On a first site with a 0.5 m FSL filling, the changes in the community structure are not noticeable. The herbage is dominated by cereals and legumes. The projective coverage remained at the same level of 80% with the predominant species – Phlum pratense L., Trifolium pratense L., however, Hypericum perforatum L. was added to the dominant species compared to 2018. The number of species on this site is also characterized by a slight increase from 16 to 22, while two single species – Calamagrostis epigeios (L.) Roth and Ranunculus acris L. – disappeared from the community. The appearance of meadow species is associated with the preserved seed bank in the applied FSL. The aboveground production of herbaceous plants during the observation period varies from 2801 to 308 hundredweight per hectare. At the same time, as shown in Table 1, there is an increase in the biomass of cereal species by almost two times, and a decrease in the productivity of grass species by two times. The soil is humus-rich technozem.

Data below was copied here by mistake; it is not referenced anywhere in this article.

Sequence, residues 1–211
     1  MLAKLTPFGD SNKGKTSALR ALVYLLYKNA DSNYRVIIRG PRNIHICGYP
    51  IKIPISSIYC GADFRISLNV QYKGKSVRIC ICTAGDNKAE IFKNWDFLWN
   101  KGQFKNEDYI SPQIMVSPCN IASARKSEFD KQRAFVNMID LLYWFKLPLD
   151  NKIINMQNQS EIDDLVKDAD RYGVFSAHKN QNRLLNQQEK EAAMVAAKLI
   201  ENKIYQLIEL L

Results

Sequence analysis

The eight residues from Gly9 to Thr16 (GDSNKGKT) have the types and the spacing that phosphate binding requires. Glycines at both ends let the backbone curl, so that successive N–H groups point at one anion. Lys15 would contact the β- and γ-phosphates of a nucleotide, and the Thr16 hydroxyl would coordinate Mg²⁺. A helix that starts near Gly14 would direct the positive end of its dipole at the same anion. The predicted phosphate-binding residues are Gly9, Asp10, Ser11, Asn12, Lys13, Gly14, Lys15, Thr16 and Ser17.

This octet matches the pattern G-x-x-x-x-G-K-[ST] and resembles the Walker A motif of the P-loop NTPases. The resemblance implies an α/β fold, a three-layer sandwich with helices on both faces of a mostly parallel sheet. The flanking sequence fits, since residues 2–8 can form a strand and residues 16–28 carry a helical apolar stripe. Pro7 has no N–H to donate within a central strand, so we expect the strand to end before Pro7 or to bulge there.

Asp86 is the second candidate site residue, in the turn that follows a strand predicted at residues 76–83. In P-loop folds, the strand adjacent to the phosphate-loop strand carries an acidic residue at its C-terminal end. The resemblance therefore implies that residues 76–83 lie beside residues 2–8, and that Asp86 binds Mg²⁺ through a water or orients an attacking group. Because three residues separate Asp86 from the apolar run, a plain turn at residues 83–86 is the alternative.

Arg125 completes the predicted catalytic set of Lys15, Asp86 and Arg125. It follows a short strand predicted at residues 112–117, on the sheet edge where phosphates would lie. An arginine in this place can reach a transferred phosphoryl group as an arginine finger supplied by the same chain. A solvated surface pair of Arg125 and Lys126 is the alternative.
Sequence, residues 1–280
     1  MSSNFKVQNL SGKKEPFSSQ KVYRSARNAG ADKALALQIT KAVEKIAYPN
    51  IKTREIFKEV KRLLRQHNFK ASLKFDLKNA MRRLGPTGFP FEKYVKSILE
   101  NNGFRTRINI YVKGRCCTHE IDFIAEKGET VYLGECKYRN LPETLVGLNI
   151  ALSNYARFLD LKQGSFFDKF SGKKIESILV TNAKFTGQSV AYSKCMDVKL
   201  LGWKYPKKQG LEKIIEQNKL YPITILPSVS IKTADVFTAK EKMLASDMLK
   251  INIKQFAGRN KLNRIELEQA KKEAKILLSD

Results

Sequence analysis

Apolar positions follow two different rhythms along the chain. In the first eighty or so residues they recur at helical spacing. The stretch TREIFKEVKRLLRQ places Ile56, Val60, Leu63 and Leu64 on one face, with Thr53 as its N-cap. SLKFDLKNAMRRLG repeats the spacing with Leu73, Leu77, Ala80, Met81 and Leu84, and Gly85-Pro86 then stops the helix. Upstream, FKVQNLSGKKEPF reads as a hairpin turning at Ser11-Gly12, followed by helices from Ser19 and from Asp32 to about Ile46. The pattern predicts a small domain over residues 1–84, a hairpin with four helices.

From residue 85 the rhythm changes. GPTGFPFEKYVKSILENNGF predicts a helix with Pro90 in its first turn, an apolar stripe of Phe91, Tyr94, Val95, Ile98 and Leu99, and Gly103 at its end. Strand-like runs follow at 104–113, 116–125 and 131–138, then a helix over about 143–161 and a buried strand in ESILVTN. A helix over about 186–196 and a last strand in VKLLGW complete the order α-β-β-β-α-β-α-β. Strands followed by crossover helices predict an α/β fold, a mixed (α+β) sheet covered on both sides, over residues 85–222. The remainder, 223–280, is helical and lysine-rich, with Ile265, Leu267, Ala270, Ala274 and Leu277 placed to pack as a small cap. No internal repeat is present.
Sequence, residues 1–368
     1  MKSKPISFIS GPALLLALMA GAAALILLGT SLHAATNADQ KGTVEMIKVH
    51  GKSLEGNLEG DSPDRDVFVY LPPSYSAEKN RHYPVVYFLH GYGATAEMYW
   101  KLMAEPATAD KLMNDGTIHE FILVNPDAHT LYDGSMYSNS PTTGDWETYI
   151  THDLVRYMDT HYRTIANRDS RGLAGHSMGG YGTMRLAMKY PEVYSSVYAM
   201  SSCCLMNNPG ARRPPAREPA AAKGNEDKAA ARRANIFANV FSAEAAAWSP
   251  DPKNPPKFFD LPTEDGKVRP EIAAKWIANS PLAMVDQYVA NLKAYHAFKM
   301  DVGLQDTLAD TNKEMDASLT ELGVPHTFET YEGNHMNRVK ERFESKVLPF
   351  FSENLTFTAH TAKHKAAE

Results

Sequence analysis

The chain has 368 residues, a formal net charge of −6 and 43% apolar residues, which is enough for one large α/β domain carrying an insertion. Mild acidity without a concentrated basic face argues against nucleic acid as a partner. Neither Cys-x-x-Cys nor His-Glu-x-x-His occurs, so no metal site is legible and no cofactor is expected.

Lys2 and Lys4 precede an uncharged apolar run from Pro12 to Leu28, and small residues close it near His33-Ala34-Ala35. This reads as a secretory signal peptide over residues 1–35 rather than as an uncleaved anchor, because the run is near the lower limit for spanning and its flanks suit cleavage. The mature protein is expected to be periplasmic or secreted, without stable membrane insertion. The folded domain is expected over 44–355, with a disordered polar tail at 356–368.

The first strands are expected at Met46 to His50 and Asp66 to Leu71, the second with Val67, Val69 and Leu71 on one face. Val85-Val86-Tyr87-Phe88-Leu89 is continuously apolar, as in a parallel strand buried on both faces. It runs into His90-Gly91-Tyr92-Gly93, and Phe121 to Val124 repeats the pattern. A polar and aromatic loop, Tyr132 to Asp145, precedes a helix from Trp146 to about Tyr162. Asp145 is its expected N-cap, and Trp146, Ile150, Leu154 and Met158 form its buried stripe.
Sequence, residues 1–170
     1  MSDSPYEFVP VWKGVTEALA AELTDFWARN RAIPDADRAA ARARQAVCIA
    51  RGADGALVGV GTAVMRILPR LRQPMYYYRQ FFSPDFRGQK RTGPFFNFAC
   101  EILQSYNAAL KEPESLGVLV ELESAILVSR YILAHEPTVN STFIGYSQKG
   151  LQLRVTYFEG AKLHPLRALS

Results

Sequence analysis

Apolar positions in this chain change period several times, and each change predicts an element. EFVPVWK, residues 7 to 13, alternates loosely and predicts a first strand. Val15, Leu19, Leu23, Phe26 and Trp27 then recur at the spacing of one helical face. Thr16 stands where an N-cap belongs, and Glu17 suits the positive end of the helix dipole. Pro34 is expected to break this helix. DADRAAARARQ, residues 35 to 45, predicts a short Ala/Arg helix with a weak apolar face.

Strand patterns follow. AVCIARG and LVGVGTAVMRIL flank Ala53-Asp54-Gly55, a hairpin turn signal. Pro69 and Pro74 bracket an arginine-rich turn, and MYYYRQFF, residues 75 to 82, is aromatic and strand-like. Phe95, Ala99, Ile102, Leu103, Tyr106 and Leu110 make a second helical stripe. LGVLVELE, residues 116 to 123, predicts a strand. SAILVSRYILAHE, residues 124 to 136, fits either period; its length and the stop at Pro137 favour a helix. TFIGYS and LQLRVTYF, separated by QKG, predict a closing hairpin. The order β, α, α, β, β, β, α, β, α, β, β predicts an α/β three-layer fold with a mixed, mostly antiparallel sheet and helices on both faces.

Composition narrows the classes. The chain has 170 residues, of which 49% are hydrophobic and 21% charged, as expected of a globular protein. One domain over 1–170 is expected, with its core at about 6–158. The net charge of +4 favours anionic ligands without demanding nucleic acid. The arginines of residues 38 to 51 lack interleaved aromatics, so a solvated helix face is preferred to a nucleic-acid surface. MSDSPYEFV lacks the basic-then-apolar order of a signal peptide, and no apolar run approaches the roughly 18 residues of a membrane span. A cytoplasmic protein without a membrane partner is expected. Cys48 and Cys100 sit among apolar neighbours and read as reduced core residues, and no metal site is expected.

Changes in the herbaceous layer on the site No. 2, the soil cover of which is represented by overburden and host rocks, are more noticeable. In particular, on most of the accounting plots, there was a change in the dominant species. Thus, in 2018, Cirsium setosum (Willd.) Besser, Melilotus officinalis (L.) Pall and Conyza canadensis (L.) Cronquist predominated in the area filled with technogenic eluvium with a projective coverage of 30%, in 2019 there was some change. The number of species doubled from 9 to 18; at the same time one specie, M. officinalis, “dropped out” of the community. In addition, the site was divided into two parts with different projective coverage. The first part is characterized by a decrease in the projective coverage to 10%, with the predominance of C. setosum, C. vulgare (Savi) Ten., Tripleurospermum inodorum (L.) Sch. Bip. and Tussilago farfara L. The soil cover is represented by the initial embryozem. These stages of soil formation are characterized by annual species that quickly populate new free ecotopes and also quickly drop out of the cenosis. They can’t compete with perennials. At the second part, in comparison with last year, the projection coverage remained the same, however, the number of C. vulgare significantly increased. The soil cover is represented by an organo- accumulative embryozem, on which weedy plant groups are formed. This separation is due to the granulometric composition of the substrate and, as a result, the degree of moisture and, consequently, the availability of mineral substances for plants. As shown in Table 1, there are no cereals and legumes species of herbaceous plants on the site, the aboveground phytomass is from 40 to 106 hundredweight per hectare.